Lemon macarons are my absolute favorite! If you’re new to crafting this delicate French pastry, first check out how NOT to make macarons here. Once you’re an ace at meringue and macaronage, give these lemon babies a whirl. This method and recipe call for punching up the lemon flavor at every step, and explains how to do so without compromising the beauty of your macarons.
First came the cupcake craze, then French macarons and remember the lines for cronuts?? Bonkers. Especially when you consider the sugar-high the price tags. Cha-ching! And that’s when it hit me – almost three dollars for one silly little macaron? You can bake them yourself for a fraction of the average $3 price tag. Yes, even this lemon macaron recipe.
Shh… My lemon macaron recipe secret
If you see a recipe for lemon macarons that doesn’t call for lemon zest in the meringue mixture, run the other way. You can add zest to buttercream or lemon curd all you like, but the road leading to the ultimate lemon macaron (the Husband’s fav) includes miles of bright, sour, beautifully tart grated lemon peel.
My favorite method for infusing lemon macarons
The only way to achieve French macarons with a divine lemon flavor is to infuse both the filling AND the shells with lemon. You can do this artificially with expensive lemon extract, but I prefer the Real McCoy. My favorite technique – that blasts your macarons with 🍋🍋🍋🍋🍋🍋🍋🍋🍋 and keeps the shells ultra-smooth – is adding a bit of lemon zest to the dry ingredients.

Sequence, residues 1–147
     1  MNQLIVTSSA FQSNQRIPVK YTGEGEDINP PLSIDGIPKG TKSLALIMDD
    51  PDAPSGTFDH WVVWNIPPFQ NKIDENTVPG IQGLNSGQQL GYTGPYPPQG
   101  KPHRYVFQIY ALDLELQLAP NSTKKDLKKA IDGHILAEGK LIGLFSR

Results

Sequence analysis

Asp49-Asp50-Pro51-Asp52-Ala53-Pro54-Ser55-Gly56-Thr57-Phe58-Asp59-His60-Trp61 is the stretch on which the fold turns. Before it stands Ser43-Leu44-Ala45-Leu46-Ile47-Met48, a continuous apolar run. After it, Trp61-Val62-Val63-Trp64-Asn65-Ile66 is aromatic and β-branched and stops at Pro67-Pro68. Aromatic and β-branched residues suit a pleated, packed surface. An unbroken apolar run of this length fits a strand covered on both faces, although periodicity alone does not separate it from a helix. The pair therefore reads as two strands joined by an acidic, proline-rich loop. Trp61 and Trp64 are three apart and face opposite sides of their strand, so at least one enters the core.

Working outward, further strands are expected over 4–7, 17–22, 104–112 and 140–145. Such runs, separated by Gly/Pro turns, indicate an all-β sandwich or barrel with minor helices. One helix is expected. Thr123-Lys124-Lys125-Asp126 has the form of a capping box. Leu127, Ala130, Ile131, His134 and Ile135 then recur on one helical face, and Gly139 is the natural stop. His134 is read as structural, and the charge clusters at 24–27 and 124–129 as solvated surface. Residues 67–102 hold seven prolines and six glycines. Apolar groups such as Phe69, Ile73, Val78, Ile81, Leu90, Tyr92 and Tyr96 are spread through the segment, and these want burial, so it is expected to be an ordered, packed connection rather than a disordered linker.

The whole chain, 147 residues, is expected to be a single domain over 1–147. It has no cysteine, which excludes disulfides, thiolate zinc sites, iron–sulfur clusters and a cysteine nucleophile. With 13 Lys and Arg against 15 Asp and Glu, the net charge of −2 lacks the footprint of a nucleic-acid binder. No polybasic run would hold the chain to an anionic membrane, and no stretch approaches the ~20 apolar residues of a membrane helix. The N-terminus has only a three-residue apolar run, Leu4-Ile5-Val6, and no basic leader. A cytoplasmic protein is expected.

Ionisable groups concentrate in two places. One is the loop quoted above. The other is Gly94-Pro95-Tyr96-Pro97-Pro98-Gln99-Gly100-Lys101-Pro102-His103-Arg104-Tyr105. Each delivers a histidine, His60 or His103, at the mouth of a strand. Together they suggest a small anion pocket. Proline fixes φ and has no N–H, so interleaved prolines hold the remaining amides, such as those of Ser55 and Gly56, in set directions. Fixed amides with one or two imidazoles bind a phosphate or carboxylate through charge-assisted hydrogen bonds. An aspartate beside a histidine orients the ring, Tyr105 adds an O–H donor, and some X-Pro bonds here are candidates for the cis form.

Lemon macarons without a food processor
If a food processor isn’t part of your kitchen arsenal, simply whisk the grated lemon peel into your dry ingredients after sifting. You may see specs of the zest in your finished shells, but this is a small price to pay for macarons that taste amazingly lemon.
Lemon macarons with a food processor
If you do own a food processor get ready for some serious zing AND beautifully smooth macarons. Simply grind your dry ingredients in a food processor with the grated lemon peel for ten to twenty seconds. Then sift the dry ingredients before folding them into your beaten egg whites.
The oils from the peel – the literal lemon essence – will transfer to the almond flour and sugar. Sifting the lemon peel out will prevent the oil from messing with those frilly feet and smooth domes. Yes, like all those crazy ones you see on Instagram. I seriously wonder when those people sleep.
The perfect acid for ensuring stable meringue
Don’t forget the juice! If you are new to whipping meringue or baking macarons at home, you’ll notice almost all recipes suggest adding cream of tartar to the egg whites. Cream of tartar AKA tartaric acid, helps stabilize the whipped whites. But guess what (insert drum roll), lemon juice acts the same way!
When whipping egg whites, add the lemon juice after a few minutes of beating to stabilize your meringue. If you’re worried your whites need extra insurance, you can still pinch a little cream of tartar, too. I personally forget half the time, and my macarons work out just fine.
Add Limoncello for an adult macaron experience
If you really want to have a good time with lemon macarons, seek out a little Limoncello (Italian lemon liqueur) and whisk it into your buttercream or curd. One or two shots should do it. It may blow the budget, but this is one time I’d say macaron money well spent.
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- 180 grams confectioner’s sugar
- 120 grams almond flour or blanched almonds